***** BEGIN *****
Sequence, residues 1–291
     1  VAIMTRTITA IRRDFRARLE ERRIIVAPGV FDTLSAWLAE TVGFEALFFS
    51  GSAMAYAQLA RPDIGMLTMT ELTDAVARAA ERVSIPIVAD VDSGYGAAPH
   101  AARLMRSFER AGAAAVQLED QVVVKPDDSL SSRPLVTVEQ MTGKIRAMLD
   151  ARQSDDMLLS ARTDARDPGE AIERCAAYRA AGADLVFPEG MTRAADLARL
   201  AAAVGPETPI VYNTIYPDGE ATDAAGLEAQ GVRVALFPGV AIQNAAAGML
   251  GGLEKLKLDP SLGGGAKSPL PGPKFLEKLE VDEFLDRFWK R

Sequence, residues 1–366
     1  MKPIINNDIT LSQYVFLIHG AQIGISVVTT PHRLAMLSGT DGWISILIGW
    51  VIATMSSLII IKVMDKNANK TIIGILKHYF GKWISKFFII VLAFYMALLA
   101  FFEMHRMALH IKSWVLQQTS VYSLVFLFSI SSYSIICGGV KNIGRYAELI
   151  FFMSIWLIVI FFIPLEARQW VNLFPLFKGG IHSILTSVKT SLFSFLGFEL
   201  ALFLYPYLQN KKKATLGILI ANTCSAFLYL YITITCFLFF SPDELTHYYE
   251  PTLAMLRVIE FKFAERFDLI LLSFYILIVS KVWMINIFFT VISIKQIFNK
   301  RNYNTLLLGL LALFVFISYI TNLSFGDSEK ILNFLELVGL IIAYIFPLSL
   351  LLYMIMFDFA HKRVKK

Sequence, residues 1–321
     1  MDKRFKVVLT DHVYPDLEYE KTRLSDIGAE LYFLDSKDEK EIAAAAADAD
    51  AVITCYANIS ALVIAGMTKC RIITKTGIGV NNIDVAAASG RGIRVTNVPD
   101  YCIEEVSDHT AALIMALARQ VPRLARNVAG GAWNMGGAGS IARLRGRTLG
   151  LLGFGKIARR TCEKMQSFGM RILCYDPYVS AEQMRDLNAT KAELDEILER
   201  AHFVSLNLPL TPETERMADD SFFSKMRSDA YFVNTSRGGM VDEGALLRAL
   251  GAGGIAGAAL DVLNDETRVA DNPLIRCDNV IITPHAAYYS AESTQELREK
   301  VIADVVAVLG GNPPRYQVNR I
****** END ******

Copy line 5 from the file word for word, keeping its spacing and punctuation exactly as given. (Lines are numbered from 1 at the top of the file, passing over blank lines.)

   151  ARQSDDMLLS ARTDARDPGE AIERCAAYRA AGADLVFPEG MTRAADLARL